Slide-Back Sunday: Thomas Muster
With the Rome Masters beginning this weekend, it gives TTI a chance to go back to the 90s when one of the defining players of the surface won his first big title on the red dirt of the Italian capital. Of course, we’re talking about Austria’s most successful tennis player of all time, 1995 French Open Champion and former World No. 1: Thomas Muster.
It was in this very month 25 years ago that Thomas Muster began to truly make his mark on the ATP Tour’s biggest clay court events. At the 1990 Rome Masters, the Austrian defeated Andrei Chesnokov in straight sets, a mere weeks after losing to the Russian in the final of Monte Carlo.
With a grunt that surely sent Brad Gilbert into overdrive — or maybe not, who knows, really — Muster certainly made himself heard. The lefty had been knocking on the door with increased intensity for several years until a freak accident after the 1989 Key Biscayne semifinals saw his charge come to a screeching halt — quite literally.
After upsetting Yannick Noah in five sets, Muster sustained significant injuries in his left knee in a car crash caused by a drunk driver, forcing him to leave Florida on crutches instead of facing Ivan Lendl in the final. While it was a terrible setback for the clay-loving lefty, it could have been so much worse and, in a way, it shaped the Austrian, allowing him overcome adversity and return to the tour stronger and more tenacious than before.
Putting in countless hours on the practice courts, throwing around 50 lbs medicine balls, and turning himself into one of the fittest and most enduring athletes, the “Iron man” could suddenly last forever when he was on court. The Austrian was never adamant about all-out aggression, and was happy to relinquish up to several feet of the baseline, if necessary. Both his forehand and backhand had heavy top-spin to provide crucial net clearance, not only keeping him in rallies with ease but also allowing him to exert a more offensive counter-punching and run his opponents ragged.
Over the course of his career, Muster won a total of 44 titles — with 40 of them coming on clay. In particular, 1995 would be a banner year for the man from Styria. From February until June, he won 40 consecutive matches on the terre battue, including his sole Grand Slam title in Paris, where he beat 1989 winner Michael Chang in the finals. As 1995 drew to a close, Muster had amassed 12 titles and clinched the No. 1 spot in the rankings by the start of 1996.
As adept as a Muster was on the red clay, he struggled some on the other surfaces. While playing on hard courts for a prolonged period of time proved to be problematic — a consequence of the aforementioned knee injury — the Austrian still managed to string together several quarter and semifinals at the US and Australian Opens. Grass, however, never yielded great success for the Austrian — with the exception of one semifinal run in Queen’s Club.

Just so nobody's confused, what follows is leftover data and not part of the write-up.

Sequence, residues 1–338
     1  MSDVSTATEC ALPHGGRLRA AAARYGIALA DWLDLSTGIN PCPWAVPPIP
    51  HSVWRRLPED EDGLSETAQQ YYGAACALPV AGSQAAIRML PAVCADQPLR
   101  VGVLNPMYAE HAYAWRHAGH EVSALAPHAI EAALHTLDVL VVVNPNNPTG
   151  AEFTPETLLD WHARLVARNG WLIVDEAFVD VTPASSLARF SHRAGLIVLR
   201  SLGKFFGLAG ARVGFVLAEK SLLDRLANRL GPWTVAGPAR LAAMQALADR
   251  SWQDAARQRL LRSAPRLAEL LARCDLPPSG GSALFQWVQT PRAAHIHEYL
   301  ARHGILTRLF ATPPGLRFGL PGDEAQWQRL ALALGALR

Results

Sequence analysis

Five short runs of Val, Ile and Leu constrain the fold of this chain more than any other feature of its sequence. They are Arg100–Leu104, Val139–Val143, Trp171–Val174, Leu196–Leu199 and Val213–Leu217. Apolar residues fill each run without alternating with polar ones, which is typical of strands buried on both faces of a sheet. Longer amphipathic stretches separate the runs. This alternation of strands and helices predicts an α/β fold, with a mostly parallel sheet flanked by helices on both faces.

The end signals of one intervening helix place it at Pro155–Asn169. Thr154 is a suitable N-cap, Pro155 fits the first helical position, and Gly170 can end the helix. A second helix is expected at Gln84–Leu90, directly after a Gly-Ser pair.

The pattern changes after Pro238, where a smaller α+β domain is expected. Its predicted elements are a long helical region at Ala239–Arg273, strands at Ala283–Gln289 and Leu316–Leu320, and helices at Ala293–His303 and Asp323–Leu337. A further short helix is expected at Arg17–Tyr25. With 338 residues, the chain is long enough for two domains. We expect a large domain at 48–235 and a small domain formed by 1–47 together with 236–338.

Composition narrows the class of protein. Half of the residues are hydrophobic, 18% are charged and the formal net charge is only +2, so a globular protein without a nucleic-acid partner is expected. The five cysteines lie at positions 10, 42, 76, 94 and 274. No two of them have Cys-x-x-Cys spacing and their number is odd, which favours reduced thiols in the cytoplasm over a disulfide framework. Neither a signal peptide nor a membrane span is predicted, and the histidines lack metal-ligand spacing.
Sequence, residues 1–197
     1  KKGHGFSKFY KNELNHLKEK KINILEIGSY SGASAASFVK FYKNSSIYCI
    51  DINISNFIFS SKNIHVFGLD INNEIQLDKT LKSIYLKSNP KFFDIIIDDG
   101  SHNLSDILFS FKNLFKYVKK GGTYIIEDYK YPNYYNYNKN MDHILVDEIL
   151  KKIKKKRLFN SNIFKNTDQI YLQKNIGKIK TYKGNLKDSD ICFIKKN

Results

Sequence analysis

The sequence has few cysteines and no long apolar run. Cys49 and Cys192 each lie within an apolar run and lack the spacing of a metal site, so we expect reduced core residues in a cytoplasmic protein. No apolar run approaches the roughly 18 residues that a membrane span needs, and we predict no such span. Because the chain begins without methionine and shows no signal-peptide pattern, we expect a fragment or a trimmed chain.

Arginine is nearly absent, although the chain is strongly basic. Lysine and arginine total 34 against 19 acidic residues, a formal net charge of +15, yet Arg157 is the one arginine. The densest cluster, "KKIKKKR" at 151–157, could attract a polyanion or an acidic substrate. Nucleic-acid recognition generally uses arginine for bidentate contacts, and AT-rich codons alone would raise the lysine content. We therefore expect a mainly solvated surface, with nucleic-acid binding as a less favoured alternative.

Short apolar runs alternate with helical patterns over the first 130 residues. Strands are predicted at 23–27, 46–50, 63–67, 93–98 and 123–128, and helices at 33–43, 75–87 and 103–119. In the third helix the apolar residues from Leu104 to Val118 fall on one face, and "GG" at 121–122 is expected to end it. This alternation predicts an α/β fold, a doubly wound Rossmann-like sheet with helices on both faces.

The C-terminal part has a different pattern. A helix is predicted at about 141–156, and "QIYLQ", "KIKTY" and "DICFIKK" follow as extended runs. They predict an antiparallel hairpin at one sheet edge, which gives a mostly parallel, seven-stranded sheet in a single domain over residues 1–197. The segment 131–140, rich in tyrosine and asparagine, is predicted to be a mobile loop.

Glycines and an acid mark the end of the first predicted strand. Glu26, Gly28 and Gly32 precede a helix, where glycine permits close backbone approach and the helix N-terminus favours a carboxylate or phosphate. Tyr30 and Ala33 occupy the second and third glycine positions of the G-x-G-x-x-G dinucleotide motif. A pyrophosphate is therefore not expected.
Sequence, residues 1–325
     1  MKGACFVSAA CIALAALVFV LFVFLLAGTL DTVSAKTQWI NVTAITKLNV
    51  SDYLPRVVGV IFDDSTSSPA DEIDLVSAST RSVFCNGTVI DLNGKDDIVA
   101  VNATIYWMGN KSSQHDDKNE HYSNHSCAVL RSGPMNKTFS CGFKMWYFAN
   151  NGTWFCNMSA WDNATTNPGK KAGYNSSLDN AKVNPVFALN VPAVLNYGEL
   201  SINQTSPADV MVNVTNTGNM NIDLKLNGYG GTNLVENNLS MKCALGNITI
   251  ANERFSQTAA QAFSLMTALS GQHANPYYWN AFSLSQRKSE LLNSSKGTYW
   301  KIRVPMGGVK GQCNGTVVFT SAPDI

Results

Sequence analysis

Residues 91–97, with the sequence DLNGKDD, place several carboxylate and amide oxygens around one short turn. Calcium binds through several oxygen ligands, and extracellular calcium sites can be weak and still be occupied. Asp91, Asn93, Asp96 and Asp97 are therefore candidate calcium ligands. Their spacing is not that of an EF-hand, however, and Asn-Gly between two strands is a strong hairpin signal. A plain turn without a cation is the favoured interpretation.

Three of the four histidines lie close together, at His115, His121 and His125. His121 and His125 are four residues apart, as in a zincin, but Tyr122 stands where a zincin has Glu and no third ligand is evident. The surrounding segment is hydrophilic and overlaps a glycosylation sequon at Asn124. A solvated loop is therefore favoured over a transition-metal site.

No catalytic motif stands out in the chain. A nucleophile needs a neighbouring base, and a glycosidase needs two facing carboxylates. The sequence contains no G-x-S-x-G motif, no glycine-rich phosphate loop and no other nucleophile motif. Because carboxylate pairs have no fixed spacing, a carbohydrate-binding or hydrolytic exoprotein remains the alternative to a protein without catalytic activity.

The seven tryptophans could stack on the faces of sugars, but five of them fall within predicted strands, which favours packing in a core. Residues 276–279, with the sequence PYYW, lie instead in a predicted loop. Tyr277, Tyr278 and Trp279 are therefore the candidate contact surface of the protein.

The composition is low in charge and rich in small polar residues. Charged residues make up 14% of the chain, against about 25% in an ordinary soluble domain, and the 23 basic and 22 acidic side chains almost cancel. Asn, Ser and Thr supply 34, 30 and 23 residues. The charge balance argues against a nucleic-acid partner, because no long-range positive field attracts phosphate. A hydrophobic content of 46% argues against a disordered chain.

After going winless in four consecutive Wimbledon appearances, Muster didn’t return to SW19 after 1994. His explanation?
“Because the strawberries are too expensive”, Muster joked at the 1995 US Open. “I mean, I have nothing against Wimbledon and I am very thankful that I got the wildcard two years ago, and when I had decided to be there late and I never had a bad relationship with Wimbledon.
“Thomas Muster is Thomas Muster. Wimbledon is Wimbledon. They make their decision and I make mine. I really like to play on grass, and it sounds probably stupid — but it is really isn’t funny — I really love to play on that stuff, but I just think that there is one or two tournaments played on it, and it takes too much time to adjust to it.
“Coming after the French, there is not enough time.”
Coming into the 1996 French Open, Muster was a heavy favorite to defend his title, having already captured the Monte Carlo – Rome double for a second straight year. But the clay court contender of the mid-90s found himself upset at the hands of a red-hot Michael Stich in the Round of 16. Just one year later, the Austrian suffered an even bigger shock defeat when he crashed out of Roland Garros in five sets against then-unknown World No. 66 Gustavo Kuerten. It was around that time that the Austrian’s career and success at the top of the game began to wind down.
At his best, Muster was the stuff that clay court dreams (and nightmares) were made of for fans and the rest of the ATP Tour. There is no doubt that the lefty could’ve won the French Open more than once; twice he ran into another clay great in Jim Courier, and twice more he was outplayed by two with more attacking game-styles, those who were unafraid to come into the net and shorten points.
But for someone who might not have been the most naturally gifted player, Muster was probably one of the most hard-working, constantly fine-tuning his punishing and grinding clay court game to the utmost of his capabilities.
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